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Lowe's oratorical reputation was acquired and retained only during the Parliamentary Sessions of 1866 and 1867. Before that period he had not been conspicuous in Parliament, though he had been an excellent Minister of Education. When he afterwards became Chancellor of the Exchequer, his power of speaking seemed to have almost entirely deserted him. It was his opposition to Parliamentary Reform as brought forward first by Gladstone, and afterwards by Disraeli, that inspired him with the fervid eloquence to which he owes his rhetorical fame. Fear of democracy was the guiding spirit of his indignant denunciations. He had studied it in Australia, where it greatly alarmed him, and his dread of it induced him to treat a moderate, almost timid, extension of the franchise as if it had been a measure for placing the State under the heels of a rabble. There can be no doubt that in expressing his apprehensions he electrified the House of Commons by the pungent vigour of his incisive sarcasm, and the bold flights of his polished vituperation. How far he meant it all the readers of his speeches may judge for themselves. It is certainly more artificial than most real eloquence. The art, however, is extremely good, and the effect produced is not the less triumphant because the material is unusually slender. The enfranchisement of the working classes is a question of the first magnitude. But Mr. Gladstone's, or Lord Russell's Bill would merely have reduced an annual qualification of ten pounds to one of seven, and
to create alarm out of such a change required imaginative · as well as oratorical power. Lowe was a classical scholar
who had imbibed the style of Greek and Latin orators with as much zeal and thoroughness as Pitt. Yet his range was too narrow, his diction was too monotonous, to have been long admired, or even tolerated, in the House of Commons.
He was the man of a subject, and of an occasion. Attack and invective were necessary for the full development of his faculties. His speeches in 1866, and one of his speeches in 1867, remain by themselves, quite unlike and apart from anything he achieved before, or anything he accomplished afterwards. They represent the oratory of protest, the declamation of a man who feels that he is making a last stand against a perilous future. For, though Gladstone's Bill was defeated, Lowe was not among those who believed in the permanence of the defeat.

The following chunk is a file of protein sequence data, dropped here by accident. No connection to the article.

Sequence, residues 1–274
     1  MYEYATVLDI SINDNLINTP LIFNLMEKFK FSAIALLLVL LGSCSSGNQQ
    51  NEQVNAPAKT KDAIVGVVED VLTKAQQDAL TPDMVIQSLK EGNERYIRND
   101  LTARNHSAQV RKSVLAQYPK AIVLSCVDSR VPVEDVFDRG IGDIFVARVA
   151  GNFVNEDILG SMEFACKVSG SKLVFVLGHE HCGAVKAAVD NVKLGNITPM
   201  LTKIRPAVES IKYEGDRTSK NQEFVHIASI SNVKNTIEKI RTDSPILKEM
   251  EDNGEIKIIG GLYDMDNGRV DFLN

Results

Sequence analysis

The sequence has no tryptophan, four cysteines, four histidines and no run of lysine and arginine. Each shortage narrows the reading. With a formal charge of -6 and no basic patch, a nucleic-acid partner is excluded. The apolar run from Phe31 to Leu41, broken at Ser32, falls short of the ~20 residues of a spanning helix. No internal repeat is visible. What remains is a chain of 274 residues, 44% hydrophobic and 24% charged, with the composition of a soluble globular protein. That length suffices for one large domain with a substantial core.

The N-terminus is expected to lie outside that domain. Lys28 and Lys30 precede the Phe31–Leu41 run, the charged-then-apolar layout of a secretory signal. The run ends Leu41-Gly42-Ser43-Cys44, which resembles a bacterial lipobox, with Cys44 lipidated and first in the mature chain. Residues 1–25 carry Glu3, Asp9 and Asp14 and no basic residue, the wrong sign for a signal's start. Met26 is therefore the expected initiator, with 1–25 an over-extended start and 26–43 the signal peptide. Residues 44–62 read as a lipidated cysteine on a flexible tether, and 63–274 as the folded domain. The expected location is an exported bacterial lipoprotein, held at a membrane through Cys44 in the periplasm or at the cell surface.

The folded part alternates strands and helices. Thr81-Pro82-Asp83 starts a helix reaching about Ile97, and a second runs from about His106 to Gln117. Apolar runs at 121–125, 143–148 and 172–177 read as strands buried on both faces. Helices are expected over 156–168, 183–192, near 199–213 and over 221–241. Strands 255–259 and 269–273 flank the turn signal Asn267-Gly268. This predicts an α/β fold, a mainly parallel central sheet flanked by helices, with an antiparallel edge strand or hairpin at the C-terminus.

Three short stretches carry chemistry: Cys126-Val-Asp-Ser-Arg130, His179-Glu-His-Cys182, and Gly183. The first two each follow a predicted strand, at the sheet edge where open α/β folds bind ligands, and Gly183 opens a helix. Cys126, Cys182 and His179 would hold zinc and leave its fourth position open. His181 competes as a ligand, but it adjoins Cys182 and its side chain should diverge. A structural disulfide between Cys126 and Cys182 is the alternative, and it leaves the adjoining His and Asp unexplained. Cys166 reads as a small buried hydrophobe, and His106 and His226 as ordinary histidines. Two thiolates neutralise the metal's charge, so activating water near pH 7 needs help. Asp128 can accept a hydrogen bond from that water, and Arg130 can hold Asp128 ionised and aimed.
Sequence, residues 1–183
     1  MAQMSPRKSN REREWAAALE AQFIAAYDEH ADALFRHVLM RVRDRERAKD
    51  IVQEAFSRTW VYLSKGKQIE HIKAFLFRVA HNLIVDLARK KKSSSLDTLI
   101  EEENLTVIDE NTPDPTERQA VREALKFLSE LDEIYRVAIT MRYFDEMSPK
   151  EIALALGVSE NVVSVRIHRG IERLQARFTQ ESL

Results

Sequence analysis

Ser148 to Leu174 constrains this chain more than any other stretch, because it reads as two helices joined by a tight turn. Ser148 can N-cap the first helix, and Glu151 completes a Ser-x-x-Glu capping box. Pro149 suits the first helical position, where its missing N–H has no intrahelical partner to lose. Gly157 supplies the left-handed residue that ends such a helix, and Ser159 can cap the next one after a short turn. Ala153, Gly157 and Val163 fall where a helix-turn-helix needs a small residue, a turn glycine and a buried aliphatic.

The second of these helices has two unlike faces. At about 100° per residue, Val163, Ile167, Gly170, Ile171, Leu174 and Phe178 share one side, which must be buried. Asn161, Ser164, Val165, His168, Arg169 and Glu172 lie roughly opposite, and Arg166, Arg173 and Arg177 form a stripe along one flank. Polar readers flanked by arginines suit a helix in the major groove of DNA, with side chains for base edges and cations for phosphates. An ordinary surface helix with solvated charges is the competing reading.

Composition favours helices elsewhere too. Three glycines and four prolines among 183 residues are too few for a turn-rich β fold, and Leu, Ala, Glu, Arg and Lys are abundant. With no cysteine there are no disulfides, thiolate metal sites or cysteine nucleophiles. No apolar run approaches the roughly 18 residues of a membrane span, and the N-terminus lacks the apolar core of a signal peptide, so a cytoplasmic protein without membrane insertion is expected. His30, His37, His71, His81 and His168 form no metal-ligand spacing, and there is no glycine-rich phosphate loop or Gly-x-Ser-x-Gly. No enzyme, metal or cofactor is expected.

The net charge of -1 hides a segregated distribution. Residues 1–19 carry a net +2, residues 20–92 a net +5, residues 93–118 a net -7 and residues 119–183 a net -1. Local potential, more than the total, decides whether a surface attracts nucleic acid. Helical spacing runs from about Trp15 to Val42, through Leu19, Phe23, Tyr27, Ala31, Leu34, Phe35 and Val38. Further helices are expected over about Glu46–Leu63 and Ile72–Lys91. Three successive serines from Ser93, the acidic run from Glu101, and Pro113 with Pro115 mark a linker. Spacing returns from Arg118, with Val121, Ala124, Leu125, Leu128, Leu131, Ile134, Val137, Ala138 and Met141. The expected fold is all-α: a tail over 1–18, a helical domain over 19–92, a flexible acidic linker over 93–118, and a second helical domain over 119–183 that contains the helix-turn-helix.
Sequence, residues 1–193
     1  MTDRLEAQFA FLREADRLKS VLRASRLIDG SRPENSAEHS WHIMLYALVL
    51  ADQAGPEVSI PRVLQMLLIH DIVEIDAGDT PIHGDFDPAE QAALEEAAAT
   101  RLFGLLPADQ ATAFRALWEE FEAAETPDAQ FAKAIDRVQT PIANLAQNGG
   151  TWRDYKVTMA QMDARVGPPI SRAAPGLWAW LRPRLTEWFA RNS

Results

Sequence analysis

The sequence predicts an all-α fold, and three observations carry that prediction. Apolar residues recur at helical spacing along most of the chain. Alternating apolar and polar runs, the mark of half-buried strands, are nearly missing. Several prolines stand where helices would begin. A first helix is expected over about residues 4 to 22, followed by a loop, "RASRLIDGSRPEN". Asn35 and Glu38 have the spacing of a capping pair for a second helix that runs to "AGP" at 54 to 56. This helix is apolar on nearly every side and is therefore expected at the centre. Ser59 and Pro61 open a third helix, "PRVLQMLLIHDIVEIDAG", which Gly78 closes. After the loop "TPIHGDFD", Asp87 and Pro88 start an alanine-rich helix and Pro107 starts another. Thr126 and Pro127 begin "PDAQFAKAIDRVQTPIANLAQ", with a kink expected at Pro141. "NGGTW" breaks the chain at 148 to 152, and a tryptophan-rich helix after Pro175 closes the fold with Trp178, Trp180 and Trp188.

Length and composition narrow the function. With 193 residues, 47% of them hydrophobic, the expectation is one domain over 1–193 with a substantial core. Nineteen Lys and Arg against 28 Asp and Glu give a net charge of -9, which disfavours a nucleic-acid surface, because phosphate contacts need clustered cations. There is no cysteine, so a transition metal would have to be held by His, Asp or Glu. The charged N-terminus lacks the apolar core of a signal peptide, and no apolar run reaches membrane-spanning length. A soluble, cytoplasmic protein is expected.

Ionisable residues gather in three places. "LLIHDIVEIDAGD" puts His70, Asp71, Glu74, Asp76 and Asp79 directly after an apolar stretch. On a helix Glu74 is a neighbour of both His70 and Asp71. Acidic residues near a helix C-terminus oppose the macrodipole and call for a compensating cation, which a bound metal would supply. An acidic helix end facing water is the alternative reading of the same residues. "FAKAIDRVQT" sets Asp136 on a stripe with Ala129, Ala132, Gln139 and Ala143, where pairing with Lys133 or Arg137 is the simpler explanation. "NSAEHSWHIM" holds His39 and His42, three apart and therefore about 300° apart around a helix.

Representation of the People Bill, 1
House of Commons, May 31st, 1866 MR. SPEAKER, we are now called to go into committee on a Bill which has never been read a second time. The two halves of it have been read, each of them a second time, but the whole measure we have never until this moment had before us. The first half this House was induced or shall I say coerced ? into reading a second time without knowledge of the other part. The second half was really hurried on so fast to a second reading -only an interval of a week being given to master all its complicated details—that I, for one, was quite unable to take part in the discussion on the second reading, for want of time to make up my mind as to an opinion by which I should be willing to stand. I hope, therefore, the House will allow me, even at this stage, to question the principle of the measure. What is that principle ? I must apologise to the House for the monotonous nature of my complaints, which are, I think, justified by the uniform nature of the provocation I receive. That provocation is that the Government keeps continually bringing in measures, attacking, as it seems to me, the very vital and fundamental institutions of the country, and purposely abstains from telling us the principle of those measures. I made the same complaint, I am sorry to say, against the Chancellor of the Exchequer on the Franchise Bill: I make it again now. The Chancellor of the Exchequer, in introducing the Redistribution Bill, said that the Government was not